On October 30th 2015, Amazon premiered its new advertising campaign for Amazon Prime, starring an unexpected celebrity:

The following day the name Jeremy Clarkson appeared in 90 newspaper headlines, according to Google Trends, and at the time of writing, the YouTube version of the advert has gained almost 2.7 million views. Amazon chose quite possibly the most controversial and divisive UK celebrity of recent months and gave him a platform from which to blast his previous employers on national TV.

And it worked.

Amazon know what the BBC have always known: like him or loathe him, Jeremy Clarkson will bring in viewers like almost nobody else in UK television. His inclusion in a campaign was always going to be a resounding marketing success.

But what if you can’t afford Jeremy Clarkson (and let’s face it, not many people can)? Does the use of celebrities help or hinder a marketing campaign? MarketWatch compiled some of the limited information available on the subject and discovered that celebrity endorsements mostly  made a difference to the stock market.

Discovering what is right for your business may take some time. Well-known local figures can be valuable for regional marketing campaigns but alienating to customers from further afield. Misjudging the appeal of a celebrity may ultimately do your business more harm than good.

Arguably the most significant power of a celebrity endorsement is in prompting discussions of your business on social media and increasing brand awareness. TellyJuice have put together our top tips for using a celebrity to boost your marketing campaign.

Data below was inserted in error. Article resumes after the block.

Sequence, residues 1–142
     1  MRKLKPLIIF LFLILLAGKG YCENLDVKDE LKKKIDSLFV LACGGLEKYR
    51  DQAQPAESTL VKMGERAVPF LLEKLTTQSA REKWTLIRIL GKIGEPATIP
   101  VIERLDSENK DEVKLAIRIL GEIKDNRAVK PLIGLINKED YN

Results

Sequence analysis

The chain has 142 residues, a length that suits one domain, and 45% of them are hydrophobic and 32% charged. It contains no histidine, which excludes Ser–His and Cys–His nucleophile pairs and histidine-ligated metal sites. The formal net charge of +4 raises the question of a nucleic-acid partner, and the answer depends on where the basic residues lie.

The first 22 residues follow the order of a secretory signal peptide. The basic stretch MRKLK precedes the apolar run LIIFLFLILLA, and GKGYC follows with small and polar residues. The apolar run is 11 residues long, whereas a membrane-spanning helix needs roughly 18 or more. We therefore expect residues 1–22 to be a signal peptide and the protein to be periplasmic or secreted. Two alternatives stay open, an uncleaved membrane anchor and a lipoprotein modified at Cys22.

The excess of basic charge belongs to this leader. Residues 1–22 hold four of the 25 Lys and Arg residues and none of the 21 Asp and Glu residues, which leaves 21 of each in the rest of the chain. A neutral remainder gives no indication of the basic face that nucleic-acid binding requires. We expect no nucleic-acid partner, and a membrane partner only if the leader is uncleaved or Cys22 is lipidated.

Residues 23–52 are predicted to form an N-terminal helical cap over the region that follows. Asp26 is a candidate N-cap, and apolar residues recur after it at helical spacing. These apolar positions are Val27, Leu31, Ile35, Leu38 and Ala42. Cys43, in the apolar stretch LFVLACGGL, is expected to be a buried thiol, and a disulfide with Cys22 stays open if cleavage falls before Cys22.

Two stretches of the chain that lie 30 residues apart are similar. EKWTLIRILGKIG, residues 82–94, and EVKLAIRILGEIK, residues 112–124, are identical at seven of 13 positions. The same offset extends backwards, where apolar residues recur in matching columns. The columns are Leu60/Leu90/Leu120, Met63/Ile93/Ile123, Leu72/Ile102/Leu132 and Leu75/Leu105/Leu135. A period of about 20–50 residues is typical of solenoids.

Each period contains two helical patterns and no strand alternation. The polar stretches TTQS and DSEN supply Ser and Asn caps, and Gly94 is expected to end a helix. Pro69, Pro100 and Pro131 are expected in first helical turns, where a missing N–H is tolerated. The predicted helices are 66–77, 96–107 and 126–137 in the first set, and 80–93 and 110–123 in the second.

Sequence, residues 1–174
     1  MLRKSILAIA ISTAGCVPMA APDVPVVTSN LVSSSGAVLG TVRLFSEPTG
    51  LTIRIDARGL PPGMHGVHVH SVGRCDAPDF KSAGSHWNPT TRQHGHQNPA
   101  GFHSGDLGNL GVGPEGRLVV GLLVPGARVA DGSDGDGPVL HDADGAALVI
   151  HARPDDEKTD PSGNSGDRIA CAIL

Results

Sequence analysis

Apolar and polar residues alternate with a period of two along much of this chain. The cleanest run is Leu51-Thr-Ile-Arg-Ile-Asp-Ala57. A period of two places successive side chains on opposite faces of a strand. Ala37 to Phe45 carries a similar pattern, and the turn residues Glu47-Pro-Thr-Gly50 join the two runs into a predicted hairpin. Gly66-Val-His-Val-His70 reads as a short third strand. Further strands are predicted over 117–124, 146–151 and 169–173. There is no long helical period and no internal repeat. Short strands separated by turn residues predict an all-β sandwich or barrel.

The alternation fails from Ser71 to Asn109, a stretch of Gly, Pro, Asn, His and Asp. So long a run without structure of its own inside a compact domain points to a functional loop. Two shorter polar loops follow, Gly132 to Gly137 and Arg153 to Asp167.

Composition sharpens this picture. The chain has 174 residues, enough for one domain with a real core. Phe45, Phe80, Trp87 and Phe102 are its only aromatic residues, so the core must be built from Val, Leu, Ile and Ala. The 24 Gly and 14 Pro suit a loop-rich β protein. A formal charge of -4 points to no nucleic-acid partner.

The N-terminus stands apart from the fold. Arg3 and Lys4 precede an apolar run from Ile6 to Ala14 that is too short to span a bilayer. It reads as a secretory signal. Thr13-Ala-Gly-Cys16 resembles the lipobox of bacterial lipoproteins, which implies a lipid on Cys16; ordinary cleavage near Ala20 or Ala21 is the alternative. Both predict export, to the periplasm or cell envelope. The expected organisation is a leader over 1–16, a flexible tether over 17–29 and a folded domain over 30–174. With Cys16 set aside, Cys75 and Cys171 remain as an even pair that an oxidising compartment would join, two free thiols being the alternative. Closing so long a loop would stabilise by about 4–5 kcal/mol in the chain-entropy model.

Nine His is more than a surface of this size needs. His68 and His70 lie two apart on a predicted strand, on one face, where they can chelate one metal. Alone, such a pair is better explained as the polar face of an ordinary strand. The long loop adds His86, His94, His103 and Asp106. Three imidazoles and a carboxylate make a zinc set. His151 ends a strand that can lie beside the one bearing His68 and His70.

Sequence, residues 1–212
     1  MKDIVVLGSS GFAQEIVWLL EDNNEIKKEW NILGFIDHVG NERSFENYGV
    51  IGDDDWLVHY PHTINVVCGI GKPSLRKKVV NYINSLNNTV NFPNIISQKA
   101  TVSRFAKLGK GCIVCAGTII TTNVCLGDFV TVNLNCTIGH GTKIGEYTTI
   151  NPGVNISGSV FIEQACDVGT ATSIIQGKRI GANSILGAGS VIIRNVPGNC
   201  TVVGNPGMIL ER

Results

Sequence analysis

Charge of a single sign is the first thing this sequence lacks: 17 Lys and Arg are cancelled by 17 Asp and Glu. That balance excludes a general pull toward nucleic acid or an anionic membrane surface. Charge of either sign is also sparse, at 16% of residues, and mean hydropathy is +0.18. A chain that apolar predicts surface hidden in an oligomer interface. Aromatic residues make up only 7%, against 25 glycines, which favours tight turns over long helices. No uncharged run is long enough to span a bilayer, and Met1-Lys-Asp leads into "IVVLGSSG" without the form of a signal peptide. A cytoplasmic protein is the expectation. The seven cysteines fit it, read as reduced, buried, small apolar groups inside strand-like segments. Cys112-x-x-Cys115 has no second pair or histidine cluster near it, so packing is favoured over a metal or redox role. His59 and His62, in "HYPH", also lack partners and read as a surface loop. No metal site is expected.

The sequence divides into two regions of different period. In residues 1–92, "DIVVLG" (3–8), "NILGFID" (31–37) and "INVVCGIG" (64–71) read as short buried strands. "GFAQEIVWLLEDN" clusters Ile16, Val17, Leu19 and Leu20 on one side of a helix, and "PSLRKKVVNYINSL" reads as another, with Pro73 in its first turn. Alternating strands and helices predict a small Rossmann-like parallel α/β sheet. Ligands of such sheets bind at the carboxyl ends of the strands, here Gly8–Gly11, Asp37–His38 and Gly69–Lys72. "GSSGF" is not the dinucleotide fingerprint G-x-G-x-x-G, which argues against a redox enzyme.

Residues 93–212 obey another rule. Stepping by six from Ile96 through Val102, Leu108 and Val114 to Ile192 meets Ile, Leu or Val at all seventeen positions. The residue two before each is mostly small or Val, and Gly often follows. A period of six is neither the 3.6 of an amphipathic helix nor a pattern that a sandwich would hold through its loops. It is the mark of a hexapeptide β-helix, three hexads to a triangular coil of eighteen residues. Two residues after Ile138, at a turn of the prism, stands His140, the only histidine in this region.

Find someone who is a natural, or unnatural, fit for your business

Finding the right celebrity for your brand doesn’t necessarily mean finding someone who already uses your product or service. It might just mean understanding how their personal brand could benefit that of your business.

The series of Country Life adverts starring John Lydon were incredibly popular because there is something inherently fascinating and amusing about seeing an anti-establishment punk icon selling butter on the telly.

Charities often use comedians in the same way for appeal videos. The serious tone of the videos is startling to audiences accustomed to seeing comedians in the context of their comedy. Each year Comic Relief is a powerful reminder of how this contrast can be used to considerable effect.


Ensure that the audience will laugh with them, not at them

Wayne Rooney has never been the most charismatic of celebrities, he isn’t even charismatic for a footballer, so his inclusion in this cringeworthy advert was never going to be an easy watch.

Deliberately making a celebrity the butt of a joke is never a smart marketing strategy, but most people are willing to indulge in a little self-deprecating humour. Just to prove that footballers can crack a smile, this Luis Suarez advert is funny, clever and helped to increase international awareness of Uruguayan company Abitab (who you almost certainly would not have heard of otherwise).

Harness the power of social media

One of the most valuable ways in which using a celebrity can really boost the visibility of your business is with social media. Using a celebrity in an unusual or funny way can prompt a flurry of activity on social media, which is why many adverts now include a specific hashtag for viewers to voice their opinions.

The #PleaseNotThem marketing campaign by the National Lottery is a smart recent example: hiring celebrities well-known for their legions of loyal haters to take part in a bit of tongue-in-cheek awfulness and hopefully spark discussion on social media.

Celebrities can make a huge difference to a marketing campaign, but one which can often be difficult to directly relate to monthly sales figures. The intangible nature of marketing and advertising ROI means that the value of celebrities to a campaign can only ever be estimated, although this hasn’t dissuaded Nike from spending a whopping 10% of its total revenue on its collection of sportswear-loving superstars.